Further, the aim of labeling theory is concentration on the reaction towards a deviant behavior committed by a young person. As such, there is unintended bias by academicians in the formulation of deviance as a source of criminal behavior among the youth. The concentration of differential theory, however, is twofold (Goldson & Muncie, 2015). First, the criminal behavior must be informed by social interactions of intimate relations although this must not always be the case. Secondly, criminal behavior only stems where the influence of communication is supported by lack of social norms and values for the offending young man. As such, there must be either a positive or negative social inclination for a crime to either result after the acquisition of knowledge, skills, motive, and technique to commit the crime in question.

Youth Crime
Youth Crime

Tentatively, the differential theory provides that where the person in the association is the primary actor in the commission of a crime and believes that such a crime is acceptable, then the criminal behavior is likely to result (Cullen & Jonson, 2014). Nevertheless, for such criminal behavior to arise, then the benefits of the commission of such a crime should outweigh retraction from such conduct. The variation of interactions and learning occasionally differ although the propensity to developing criminal behavior is based on consistency towards exposure. The same does not apply in labeling theory where the propensity of labeling affects the individual only where it is negative to the point of inflicting fulfillment of self-prophecy. Additionally, deviance only creates criminal behavior where it is secondary, and there is social dissent towards the action of the individual. Conclusively, criminal behavior according to labeling theory is not learned but placed upon a youth due to societal reactions.

The differential theory further contends that the learning of criminal behavior is similar to all other learning mechanisms employed in different spheres. However, the downside of such an argument is the motive for the uptake of such process (Muncie, 2014). Thus, according to the theory, all other learning mechanisms must be motivated for individuals to engage in such learning process. Consequently, criminal behavior needs motive before the young person gets into the process despite contentions that it is spontaneous. However, such notions are dismissed with the consideration that learning is innate despite the motive. In contrast to labeling theory, no learning is required while at the same time, the categorization is deliberate rather than spontaneous and lack of motivation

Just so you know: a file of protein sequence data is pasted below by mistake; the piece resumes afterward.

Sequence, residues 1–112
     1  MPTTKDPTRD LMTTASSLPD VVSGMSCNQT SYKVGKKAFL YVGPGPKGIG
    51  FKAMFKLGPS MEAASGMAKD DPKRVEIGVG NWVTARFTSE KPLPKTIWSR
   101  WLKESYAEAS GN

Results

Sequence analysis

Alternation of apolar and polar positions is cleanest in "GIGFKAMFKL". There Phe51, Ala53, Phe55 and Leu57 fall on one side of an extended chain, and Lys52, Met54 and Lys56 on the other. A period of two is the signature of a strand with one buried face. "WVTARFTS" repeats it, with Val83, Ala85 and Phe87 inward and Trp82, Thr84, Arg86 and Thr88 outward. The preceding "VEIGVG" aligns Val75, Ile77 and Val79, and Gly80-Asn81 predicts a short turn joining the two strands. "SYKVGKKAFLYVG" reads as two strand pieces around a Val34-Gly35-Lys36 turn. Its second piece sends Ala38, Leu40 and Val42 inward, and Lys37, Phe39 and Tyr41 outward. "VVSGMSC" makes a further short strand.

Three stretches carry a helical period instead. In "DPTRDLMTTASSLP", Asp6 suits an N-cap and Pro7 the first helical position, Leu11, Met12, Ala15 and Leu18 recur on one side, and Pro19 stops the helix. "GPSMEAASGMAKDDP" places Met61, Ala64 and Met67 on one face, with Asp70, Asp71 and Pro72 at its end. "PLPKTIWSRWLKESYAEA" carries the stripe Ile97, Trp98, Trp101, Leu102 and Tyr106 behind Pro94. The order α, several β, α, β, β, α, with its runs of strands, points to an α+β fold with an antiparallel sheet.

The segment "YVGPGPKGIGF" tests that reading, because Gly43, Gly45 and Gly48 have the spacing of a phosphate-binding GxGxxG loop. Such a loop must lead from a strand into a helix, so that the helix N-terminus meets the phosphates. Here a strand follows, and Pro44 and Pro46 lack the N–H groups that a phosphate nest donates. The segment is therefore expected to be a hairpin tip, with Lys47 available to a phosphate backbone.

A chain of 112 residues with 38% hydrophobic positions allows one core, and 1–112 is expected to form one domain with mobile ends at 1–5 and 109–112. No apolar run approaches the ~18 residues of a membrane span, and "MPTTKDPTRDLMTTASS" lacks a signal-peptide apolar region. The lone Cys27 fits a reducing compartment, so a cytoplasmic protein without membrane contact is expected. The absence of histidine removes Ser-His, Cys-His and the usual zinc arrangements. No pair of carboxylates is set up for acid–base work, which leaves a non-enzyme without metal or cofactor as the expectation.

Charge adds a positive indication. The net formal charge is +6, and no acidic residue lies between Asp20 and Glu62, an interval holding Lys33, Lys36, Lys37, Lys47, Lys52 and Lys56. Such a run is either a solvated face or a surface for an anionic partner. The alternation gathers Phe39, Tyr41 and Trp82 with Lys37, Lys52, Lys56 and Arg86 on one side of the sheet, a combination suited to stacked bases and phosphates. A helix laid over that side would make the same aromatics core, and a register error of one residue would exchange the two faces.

Crime actions represent the expression of specific needs that an individual either desires or desperately need. However, not all crimes are based on needs and want, and at the same time individuals can aspire and achieve needs without resorting to criminal behavior. Such notion represents a primary tenet of the differential theory (Kroska, Lee & Carr, 2017). For instance, in a scenario where two young people desire money and gold and one resort to crime to satisfy such need while the other opts for legitimate means. Thus, the mere need for gold does not inform the reason as to why the other engaged in crime and the other didn’t. The answer in the scenario above is predicated on social norms and values that the two different young people hold and exposure to criminal activity. Consequently, crime results due to the pre-exposure to criminal behavior and subsequent ignorance of the societal norms and values.

On the other hand, Labeling requires negative secondary deviance and social dissent towards the behavior for development of criminal behavior. An illustration stems where authorities treat similar behaviors in different social settings differently. Where for instance a particular kind of deviance is tolerated when unknown to the public although the society takes part in it secretly, such deviance when uncovered results in the development of criminal behavior (Akers, 2013). Such kind of deviance, for example, is taking of illegal drug substances. Although it is usually secretly undertaken, occasional public recognition of such deviance results in being branded criminal and subjection to public shame. It is such reactions that result in the development of criminal behavior in young people. The same becomes extreme where social dissent forces the particular young man to resort to groups that accept the kind of deviance that represent their common relationship.